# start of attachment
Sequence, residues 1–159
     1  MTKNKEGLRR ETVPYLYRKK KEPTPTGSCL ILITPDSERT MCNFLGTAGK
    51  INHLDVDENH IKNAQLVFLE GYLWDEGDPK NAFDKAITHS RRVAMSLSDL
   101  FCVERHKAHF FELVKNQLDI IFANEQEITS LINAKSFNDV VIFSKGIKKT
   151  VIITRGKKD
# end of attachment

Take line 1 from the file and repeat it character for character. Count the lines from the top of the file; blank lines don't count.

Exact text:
Sequence, residues 1–159